Agenda Paper summaries
There are four agenda papers prepared for the June Board meeting. Paper 2A considers the objective for the level of aggregation to be applied in measuring the contractual service margin (CSM) after initial recognition, and the guidance that should be provided on how an entity can meet that objective. Paper 2B considers whether further guidance should be given on changes in the carrying amount of the CSM for insurance contracts without direct participation features. Paper 2C considers whether the requirements for the presentation and disclosure of insurance finance income or expenses should be amended. Paper 2D considers amending the scope of the variable fee approach to exclude reinsurance contracts issued and held.
Level of aggregation for the measurement of the CSM (2A)
The Board had previously tentatively decided that the onerous contract test should be performed on a group level rather than based on an individual contract, but recognised that the accounting outcome could differ if both are deemed to be a viable application of the same objective. Because of these different results, the paper considers whether to specify that the objective for the CSM is to represent the profit for the future services to be provided for a group of contracts. The group of contracts used for measuring the CSM should be the same as the group used for determining when contracts are onerous, and the allocation of the CSM of the group of contracts to profit or loss should reflect the expected duration and size of the contracts remaining at the end of the period.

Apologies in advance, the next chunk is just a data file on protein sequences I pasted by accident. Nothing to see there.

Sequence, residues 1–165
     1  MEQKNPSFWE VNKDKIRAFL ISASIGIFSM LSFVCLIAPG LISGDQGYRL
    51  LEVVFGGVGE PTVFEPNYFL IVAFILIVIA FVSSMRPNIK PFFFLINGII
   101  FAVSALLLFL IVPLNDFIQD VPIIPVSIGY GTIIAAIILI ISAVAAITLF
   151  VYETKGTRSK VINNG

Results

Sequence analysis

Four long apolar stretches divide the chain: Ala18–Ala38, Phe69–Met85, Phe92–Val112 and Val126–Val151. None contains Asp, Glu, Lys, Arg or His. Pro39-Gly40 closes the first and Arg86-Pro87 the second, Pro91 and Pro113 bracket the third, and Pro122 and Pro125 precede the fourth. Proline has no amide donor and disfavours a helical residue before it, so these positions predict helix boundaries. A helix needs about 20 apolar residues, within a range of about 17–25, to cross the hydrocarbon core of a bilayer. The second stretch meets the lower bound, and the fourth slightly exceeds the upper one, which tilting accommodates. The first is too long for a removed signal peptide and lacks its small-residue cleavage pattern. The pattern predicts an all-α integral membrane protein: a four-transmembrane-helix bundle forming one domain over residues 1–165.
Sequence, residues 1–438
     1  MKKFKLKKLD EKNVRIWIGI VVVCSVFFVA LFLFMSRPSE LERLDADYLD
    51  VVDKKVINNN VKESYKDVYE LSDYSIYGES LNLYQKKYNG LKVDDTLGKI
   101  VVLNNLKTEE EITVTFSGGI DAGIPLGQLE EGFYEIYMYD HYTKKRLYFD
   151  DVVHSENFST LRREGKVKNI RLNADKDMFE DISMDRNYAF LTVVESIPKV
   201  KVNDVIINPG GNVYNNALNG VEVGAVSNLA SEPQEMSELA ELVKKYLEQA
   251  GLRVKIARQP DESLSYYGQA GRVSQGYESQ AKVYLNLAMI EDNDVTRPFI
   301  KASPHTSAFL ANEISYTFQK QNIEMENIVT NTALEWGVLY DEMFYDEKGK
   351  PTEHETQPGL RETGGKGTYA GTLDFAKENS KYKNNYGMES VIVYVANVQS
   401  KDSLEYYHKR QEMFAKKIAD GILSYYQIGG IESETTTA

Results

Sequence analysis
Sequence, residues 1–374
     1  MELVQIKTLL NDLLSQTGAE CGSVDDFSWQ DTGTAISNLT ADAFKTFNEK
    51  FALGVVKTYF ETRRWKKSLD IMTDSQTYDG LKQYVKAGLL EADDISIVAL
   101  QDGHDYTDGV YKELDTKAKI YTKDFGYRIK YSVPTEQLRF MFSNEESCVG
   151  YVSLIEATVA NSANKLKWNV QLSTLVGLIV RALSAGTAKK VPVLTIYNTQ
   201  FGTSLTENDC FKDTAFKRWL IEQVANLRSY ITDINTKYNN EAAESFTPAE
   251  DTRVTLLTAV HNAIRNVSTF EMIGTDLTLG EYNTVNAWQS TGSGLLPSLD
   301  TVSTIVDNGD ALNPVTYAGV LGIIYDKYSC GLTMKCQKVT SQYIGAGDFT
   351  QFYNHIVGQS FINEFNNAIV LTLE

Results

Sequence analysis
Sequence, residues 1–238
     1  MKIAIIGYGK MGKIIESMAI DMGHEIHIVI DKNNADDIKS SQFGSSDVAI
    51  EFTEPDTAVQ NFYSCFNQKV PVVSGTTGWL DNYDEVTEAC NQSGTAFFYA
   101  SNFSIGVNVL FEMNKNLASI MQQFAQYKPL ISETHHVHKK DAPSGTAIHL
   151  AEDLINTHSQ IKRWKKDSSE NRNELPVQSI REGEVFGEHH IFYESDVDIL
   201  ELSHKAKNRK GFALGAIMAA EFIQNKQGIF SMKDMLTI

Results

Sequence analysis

There was general agreement with removing the reference to individual contracts as many preparers had considered that the requirements should be applied to individual contracts (unless all the contracts were virtually identical), and that guidance on the level of aggregation to be applied in measuring the CSM after initial recognition is important.
One Board member did not agree with the Staff recommendation in paragraph 3(b) as this appeared to be a rule, it would be unnecessarily restrictive as the objective could be met without complying with the proposed requirement, and it would result in an unnecessarily large number of portfolios. He considered that it was unnecessary to group contracts with similar profitability in all cases, and thought that the IASB should be more relaxed about the onerous contracts test.